After a very long wait, Hong Kong is once again open for quarantine-free international travel. While COVID-19 testing is still required, the rules around mandatory isolation and venue restrictions have eased. If a mere test doesn’t deter your travels, it pays to know about Hong Kong’s great e-Channel service.
Once enrolled, you’ll be able to come and go from Hong Kong just like a local, using the automated immigration lanes. While the usual ‘rules’ for visitors still apply, such as not being able to work without authorisation, it’s still a handy service for tourists and business travellers alike. Here’s what your need to know.
Who’s eligible for the Hong Kong e-Channel?
There are many ways to qualify for the Hong Kong e-Channel.
Australian citizens have it easier than most, being able to enrol simply by holding an Australian passport. The process isn’t quite as simple for citizens of New Zealand and most other countries. But it’s still quite straightforward for those who regularly travel.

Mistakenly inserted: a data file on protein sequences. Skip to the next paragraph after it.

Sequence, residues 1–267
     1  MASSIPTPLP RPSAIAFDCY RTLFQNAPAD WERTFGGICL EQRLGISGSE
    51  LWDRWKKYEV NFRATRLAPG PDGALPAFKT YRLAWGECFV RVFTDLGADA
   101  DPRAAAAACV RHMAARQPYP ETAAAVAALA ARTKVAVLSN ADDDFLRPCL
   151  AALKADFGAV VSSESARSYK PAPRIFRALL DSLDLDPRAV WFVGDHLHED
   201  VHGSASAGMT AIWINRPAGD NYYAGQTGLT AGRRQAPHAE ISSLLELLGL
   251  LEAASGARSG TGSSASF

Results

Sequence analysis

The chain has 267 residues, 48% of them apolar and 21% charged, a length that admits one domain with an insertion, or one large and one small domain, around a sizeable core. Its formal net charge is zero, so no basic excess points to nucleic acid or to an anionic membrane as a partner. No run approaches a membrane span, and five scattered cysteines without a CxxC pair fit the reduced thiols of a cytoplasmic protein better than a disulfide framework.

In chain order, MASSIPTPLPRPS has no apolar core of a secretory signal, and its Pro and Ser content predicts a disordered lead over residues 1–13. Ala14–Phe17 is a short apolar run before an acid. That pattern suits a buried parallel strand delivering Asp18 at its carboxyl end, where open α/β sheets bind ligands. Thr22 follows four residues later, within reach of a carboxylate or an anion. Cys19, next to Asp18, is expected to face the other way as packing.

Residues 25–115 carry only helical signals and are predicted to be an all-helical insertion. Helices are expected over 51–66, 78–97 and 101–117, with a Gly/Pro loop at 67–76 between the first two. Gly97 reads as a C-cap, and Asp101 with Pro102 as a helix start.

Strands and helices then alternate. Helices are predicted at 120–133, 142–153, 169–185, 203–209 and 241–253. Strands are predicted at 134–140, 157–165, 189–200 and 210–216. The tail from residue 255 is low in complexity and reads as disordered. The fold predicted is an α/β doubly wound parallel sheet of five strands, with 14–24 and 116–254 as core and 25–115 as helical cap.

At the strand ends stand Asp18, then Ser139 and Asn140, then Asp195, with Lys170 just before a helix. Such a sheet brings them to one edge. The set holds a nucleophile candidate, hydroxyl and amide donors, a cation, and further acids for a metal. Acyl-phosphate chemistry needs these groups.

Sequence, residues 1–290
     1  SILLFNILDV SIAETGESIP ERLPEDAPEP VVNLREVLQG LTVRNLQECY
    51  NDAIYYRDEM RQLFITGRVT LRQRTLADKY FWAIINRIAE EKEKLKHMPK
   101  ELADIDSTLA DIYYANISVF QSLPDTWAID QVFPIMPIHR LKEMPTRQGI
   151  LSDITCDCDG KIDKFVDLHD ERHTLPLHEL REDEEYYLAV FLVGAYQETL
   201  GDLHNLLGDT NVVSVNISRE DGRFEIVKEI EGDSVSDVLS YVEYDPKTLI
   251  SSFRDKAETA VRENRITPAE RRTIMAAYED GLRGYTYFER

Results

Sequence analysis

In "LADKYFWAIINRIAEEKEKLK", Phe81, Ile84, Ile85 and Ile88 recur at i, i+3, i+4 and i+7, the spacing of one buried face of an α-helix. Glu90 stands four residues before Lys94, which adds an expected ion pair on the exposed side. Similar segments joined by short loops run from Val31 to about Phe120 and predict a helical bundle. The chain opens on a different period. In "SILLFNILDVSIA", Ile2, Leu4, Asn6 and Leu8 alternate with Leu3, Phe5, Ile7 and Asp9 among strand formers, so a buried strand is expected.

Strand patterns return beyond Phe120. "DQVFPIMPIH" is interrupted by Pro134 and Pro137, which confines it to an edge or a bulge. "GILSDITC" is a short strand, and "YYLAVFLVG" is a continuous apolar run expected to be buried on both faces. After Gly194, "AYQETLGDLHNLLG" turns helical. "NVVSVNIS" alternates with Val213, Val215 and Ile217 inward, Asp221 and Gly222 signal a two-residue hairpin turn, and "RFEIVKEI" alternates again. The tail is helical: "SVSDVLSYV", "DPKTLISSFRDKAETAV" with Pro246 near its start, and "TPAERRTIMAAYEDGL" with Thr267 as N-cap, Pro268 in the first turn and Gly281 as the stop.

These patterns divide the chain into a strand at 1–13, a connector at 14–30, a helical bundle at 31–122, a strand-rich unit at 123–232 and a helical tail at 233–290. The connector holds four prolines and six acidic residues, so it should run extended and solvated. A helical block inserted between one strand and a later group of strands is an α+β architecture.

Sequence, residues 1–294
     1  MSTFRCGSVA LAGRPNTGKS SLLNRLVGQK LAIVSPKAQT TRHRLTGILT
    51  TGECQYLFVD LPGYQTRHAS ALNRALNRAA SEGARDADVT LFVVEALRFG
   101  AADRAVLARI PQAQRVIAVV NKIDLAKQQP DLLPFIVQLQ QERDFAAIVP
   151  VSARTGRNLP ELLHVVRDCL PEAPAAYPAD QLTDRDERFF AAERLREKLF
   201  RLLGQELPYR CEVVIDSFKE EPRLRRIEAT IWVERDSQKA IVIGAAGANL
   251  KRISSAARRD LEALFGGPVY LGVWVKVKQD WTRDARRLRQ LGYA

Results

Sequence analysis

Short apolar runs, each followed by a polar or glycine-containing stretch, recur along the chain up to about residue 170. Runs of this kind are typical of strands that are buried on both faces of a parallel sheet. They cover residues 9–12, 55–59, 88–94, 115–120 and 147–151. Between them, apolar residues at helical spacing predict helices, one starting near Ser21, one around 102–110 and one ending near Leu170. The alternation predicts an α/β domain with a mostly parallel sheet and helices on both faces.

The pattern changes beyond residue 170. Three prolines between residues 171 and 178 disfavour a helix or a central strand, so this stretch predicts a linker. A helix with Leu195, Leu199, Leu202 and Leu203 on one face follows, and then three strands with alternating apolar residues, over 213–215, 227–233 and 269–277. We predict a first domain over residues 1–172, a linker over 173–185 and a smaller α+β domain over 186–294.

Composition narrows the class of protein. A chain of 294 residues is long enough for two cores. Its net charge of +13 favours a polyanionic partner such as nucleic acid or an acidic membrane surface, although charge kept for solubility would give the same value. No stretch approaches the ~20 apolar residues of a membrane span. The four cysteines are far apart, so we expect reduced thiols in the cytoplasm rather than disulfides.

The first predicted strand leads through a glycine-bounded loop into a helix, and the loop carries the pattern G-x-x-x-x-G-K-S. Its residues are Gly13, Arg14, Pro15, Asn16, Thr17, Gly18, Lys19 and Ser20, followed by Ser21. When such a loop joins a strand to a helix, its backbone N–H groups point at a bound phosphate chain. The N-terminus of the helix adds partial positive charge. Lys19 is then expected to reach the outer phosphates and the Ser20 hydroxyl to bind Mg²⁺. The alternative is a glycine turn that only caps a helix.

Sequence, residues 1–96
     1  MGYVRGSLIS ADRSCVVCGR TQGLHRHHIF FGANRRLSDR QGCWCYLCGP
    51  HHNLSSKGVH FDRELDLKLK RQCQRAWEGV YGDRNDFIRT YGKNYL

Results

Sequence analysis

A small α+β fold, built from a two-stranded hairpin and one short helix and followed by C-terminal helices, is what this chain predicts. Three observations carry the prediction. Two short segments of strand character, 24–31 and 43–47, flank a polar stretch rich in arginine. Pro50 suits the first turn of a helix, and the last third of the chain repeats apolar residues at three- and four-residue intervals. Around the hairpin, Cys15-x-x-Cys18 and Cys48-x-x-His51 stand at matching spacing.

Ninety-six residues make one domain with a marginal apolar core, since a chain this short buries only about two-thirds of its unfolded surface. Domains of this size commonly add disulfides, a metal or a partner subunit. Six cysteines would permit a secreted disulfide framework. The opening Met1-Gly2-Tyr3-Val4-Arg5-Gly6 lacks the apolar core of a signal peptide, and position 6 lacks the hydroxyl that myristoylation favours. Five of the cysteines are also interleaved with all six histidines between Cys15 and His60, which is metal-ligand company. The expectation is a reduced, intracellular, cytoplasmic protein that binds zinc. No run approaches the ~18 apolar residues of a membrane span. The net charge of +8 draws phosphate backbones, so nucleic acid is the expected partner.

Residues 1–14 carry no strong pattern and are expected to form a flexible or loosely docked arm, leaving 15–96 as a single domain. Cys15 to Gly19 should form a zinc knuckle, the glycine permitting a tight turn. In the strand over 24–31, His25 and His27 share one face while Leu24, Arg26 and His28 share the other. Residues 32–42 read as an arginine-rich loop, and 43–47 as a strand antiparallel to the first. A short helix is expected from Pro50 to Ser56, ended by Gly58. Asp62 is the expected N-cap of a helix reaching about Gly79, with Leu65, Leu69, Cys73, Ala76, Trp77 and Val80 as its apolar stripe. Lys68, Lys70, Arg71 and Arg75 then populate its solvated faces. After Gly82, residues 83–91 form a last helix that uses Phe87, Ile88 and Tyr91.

Here are the many paths to eligibility for Hong Kong e-Channel enrolment.
Eligibility by travel document
If your travel wallet sports one of the following documents, you’ll qualify for Hong Kong e-Channel registration even on your very first visit.
- Eligible passports: Australia, Germany, Singapore, South Korea and Thailand.
- APEC Business Travel Card holders, where the card is endorsed for ‘HKG’.
- Eligible residents of Macau, holding a valid Macau permanent identity card or a ‘Visit Permit for Residents of Macau to HKSAR’.
- Electronic Exit-Entry Permit (e-EEP) holders, as granted to Chinese nationals resident in Mainland China, for travel to Hong Kong and Macau.